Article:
top of page


Bluefish (Pomatomus saltatrix) are predatory fish known for their aggressive feeding habits and powerful fighting ability.


Seasons and Location

- Bluefish are typically found in temperate and subtropical waters along the Atlantic coast of North America, from Florida to Nova Scotia. They are more common in the warmer months.
- Areas Found: Bluefish can be found near shorelines, jetties, piers, and inlets. They tend to travel in groups, at the top of the water, with their fins showing above the water’s surface.
- Spring and Fall: Bluefish migration patterns result in peak fishing seasons during spring and fall. These fish tend to move northward in the spring and southward in the fall, providing excellent opportunities for anglers.
- Warmer Waters: Bluefish prefer water temperatures between 60°F (15.5°C) and 75°F (24°C). They are more abundant in coastal areas and tend to move offshore in search of cooler waters during the hottest parts of the summer.


- Feeding Behavior: Bluefish are opportunistic feeders and voracious predators. They have sharp teeth and strong jaws that allow them to tear through baitfish and other prey.
- Migration Patterns: Bluefish exhibit migratory behavior, moving along the coastlines and into bays and estuaries. They tend to follow schools of baitfish, such as menhaden, herring, or mullet.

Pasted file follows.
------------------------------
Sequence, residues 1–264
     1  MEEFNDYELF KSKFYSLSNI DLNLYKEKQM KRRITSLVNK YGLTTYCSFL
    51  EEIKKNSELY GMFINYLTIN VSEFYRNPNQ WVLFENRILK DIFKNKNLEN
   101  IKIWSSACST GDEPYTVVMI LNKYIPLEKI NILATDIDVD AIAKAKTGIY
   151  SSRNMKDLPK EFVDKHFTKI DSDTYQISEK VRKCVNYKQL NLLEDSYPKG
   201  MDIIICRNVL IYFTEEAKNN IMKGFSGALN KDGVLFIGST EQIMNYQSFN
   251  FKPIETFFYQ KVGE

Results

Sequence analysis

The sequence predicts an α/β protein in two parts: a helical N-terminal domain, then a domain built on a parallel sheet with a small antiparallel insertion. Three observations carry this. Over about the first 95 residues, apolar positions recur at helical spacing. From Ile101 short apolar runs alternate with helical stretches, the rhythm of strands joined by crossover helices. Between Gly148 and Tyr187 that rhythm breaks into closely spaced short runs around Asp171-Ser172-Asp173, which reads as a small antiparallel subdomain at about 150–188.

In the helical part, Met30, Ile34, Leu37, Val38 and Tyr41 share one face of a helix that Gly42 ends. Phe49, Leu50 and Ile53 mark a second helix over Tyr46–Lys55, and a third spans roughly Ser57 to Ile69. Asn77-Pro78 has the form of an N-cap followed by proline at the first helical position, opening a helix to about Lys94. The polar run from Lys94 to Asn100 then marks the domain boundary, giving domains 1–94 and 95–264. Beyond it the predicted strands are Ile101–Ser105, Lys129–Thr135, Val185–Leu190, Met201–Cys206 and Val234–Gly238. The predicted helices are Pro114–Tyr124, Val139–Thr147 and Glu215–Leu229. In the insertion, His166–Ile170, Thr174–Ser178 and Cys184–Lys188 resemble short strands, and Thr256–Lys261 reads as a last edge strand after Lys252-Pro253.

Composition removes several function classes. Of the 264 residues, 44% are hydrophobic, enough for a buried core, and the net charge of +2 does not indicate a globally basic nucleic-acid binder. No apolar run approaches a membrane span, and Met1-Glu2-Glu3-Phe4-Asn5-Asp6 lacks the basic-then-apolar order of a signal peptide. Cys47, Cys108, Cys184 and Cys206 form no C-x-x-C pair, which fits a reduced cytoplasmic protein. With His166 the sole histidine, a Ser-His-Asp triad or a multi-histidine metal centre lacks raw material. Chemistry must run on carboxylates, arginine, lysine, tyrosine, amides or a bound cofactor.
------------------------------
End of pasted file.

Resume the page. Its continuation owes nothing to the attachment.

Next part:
- Temperament: Bluefish are known for their aggressive nature, often attacking lures or bait with great intensity. They are known to strike multiple times even if they do not immediately consume their prey.
- Speed and Strength: Bluefish are fast swimmers, capable of bursts of speed while chasing prey. They have muscular bodies, making them powerful fighters when hooked

Lure choice

- Topwater Lures: Bluefish readily strike topwater lures, especially when they are actively feeding near the surface. Poppers, surface plugs, and propeller lures create enticing commotion that attracts bluefish.
- Metal Spoons: Metal spoons, such as silver or chrome-colored lures, are effective for bluefish. Their shiny appearance imitates baitfish, and their wobbling or flashing action attracts bluefish from a distance.
- Soft Plastic Baits: Soft plastic lures, like swimbaits, shads, and jerkbaits, can mimic injured baitfish. Retrieving these lures at different speeds and depths can entice bluefish strikes.
- Jigs: Jigging with bucktail or lead-head jigs combined with soft plastic trailers is another productive technique for bluefish. Jigging imitates wounded baitfish and triggers aggressive responses.
- Wire Leaders: Due to their sharp teeth, bluefish often bite through monofilament or fluorocarbon leaders. Using wire leaders or heavy fluorocarbon leaders can prevent bite-offs and lost lures.

bottom of page